FWIW I kept the house as my mum’s inheritance was used as the deposit, I was a SAHM so much lower earner than XH and he has a pension which I don’t

All in, it meant that I’m still worse off financially and will have to up my game income-wise over the next few years or sell my house to live once the DCs are all grown up.

As much as it seems like a good idea to save on solicitors costs, it might be worth you paying for a couple of hours of advice once you know all the financial info so that you don’t get short changed. It will pay for itself.

Ilovebolly Sat 13-Oct-18 18:15:07

Don’t worry, I have an excellent solicitor who is helping me out but it’s still at the early stages of getting financial info gathered so I’m not sure how realistic it is to keep the house and also kidtbjow ruthless I need to be. Every time I mention my solicitor he rolls his eyes and moans about the cost. I think I’m just going to have to be brave and go for more than 50/50. Funnily enough he’s never once mentioned wanting the kids more than every other weekend and half the holidays so at least I don’t have to have that battle with him!

OP’s posts: |
bastardkitty Sat 13-Oct-18 18:21:40

It's just a strategy he's using to try and deter you from seeking a fair settlement. You obviously have your head screwed on. Just keep saying 'I just want us to do what's best for the children' and smile.

ohamIreally Sat 13-Oct-18 19:25:24

Maybe you should say if you can't find an affordable way for you to keep the house that the kids will have to stay with him.

LemonTT Sun 14-Oct-18 23:37:04

I think you should keep your options open. There is no need to make decisions until you know exactly what the settlement will be. The current trend is to use capital to effect a clean break where possible. So potentially a high share of equity and / or assets. But it will depend on respect incomes and how parenting is shared. When you know that your choices might reduce.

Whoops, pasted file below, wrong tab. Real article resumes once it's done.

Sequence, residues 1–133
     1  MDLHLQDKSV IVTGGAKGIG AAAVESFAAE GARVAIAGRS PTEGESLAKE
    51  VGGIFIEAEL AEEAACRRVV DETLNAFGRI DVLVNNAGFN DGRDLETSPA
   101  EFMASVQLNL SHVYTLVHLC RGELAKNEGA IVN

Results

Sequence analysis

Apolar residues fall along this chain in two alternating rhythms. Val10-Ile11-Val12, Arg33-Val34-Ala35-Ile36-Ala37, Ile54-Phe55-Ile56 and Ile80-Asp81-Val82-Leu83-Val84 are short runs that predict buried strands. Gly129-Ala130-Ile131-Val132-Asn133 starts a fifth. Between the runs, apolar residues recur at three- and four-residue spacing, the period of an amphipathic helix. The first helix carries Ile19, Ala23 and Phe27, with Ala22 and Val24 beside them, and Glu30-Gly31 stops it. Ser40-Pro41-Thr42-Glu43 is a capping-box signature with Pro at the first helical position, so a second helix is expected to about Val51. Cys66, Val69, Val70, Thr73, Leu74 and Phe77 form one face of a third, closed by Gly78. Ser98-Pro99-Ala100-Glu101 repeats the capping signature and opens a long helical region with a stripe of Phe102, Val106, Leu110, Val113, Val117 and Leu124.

If I had the choice of the above, I would go for two or three. I wouldn’t want a big house that stretched me financially and was a link to an old life (for me and my children). Fresh start and all that. With any of the options factor in seller and buyer costs that will fall to both of you.

There is no need to be ruthless or think of yourself as ruthless. The key is to be objective and assertive in pursuit of the outcome that you are entitled to and which meets your needs. Accept he is doing the same. At the end of the day both your lifestyles and aspirations will take a hit unless there is a shed load of savings sitting around unused. That’s the problem with divorce negotiations, both parties end up losing in relation to where they started from. Those loses can seem scary and that doesn’t make for good negotiation.